Remodeling the 1930s wood-framed building we live in, and ready to make new openings to install new windows. It's difficult to describe how the walls are so I made a diagram below.
Basically, from outside to inside: T1-11 siding nailed to OSB, nailed over original clapboard and tar paper, nailed to original balloon framing, which is gusseted to a newer 2x4 interior wall that was added at some point.
There is essentially no overhang from the roof at all, so the new windows will get a lot of water. I've purchased a few new construction windows, which have nailing flanges. Assuming I can make these work, but not sure. After internal framing, I'm considering:
- Cut rough opening
- Cutting back just the T1-11 back to make room to nail the flanges directly to the OSB (which will be backed by new framing where needed)
- Apply flashing/flex tape to sill
- Coerce/wedge a drip cap wedged under the T1-11 at the top.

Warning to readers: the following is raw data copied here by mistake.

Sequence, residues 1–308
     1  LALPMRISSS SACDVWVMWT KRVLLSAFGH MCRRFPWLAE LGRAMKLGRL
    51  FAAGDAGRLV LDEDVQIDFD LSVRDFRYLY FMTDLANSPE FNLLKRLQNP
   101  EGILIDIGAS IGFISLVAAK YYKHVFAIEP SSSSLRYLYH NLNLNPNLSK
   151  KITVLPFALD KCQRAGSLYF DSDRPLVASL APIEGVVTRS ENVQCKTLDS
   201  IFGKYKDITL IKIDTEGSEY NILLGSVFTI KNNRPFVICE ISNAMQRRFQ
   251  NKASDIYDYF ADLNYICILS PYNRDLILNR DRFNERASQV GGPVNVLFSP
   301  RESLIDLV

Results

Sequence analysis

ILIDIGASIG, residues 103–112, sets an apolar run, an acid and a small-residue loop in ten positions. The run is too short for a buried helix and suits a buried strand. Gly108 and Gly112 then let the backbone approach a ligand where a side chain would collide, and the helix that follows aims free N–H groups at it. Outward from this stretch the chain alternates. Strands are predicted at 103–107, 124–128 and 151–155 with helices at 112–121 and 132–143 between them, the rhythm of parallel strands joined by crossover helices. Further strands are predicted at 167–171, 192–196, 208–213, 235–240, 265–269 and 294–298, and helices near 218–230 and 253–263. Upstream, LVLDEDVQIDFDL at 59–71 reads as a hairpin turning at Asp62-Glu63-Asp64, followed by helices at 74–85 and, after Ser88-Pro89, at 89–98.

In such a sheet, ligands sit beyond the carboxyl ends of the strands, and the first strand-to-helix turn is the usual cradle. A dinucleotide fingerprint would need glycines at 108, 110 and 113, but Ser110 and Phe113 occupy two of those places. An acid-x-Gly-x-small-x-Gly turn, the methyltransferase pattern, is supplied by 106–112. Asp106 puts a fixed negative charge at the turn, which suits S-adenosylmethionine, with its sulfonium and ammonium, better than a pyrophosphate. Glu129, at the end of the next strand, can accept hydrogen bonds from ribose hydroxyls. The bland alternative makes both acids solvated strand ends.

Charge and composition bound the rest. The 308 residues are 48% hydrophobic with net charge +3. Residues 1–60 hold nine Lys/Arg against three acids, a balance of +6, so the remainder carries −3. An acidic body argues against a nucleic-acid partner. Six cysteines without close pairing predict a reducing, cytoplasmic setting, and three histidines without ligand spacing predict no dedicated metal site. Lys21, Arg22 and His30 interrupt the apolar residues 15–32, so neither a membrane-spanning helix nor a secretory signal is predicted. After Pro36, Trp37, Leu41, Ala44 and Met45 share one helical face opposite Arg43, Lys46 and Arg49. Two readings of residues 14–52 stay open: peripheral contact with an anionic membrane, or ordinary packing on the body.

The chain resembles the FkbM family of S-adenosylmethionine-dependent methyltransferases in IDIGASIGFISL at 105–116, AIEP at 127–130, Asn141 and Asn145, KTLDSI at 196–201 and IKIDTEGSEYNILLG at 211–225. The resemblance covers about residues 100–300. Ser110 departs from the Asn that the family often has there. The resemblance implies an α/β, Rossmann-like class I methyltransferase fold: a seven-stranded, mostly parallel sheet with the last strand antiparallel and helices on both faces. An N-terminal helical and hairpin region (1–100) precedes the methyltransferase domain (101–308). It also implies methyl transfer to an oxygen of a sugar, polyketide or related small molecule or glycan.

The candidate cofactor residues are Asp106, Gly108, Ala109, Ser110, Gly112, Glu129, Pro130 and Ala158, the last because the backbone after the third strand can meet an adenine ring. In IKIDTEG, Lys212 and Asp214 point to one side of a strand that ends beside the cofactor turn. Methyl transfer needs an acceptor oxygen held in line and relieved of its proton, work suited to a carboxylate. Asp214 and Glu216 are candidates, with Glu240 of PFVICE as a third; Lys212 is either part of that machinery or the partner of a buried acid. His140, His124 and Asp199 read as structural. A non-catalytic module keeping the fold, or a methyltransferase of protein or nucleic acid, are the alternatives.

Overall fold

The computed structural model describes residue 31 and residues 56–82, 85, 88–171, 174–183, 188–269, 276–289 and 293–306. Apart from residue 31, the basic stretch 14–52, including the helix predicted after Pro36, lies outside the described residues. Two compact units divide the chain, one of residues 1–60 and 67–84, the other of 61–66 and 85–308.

- Install, nail up and caulk the window
- Trim to make it nice.
Considering another approach, but not sure. Might be easier because I could install the windows from the inside. After internal framing:
- Cut rough opening, with room as needed for new exterior sill and jambs
- Install new exterior sill, jambs, and drip cap, to waterproof the opening; aluminum or similar
- Install some form of molding/stop to then take the window from the inside, after removing nailing flanges
- Put the window in, make it nice, caulk and foam, etc
SO- Will either approach work? Or is there a door number 3 I should be thinking about?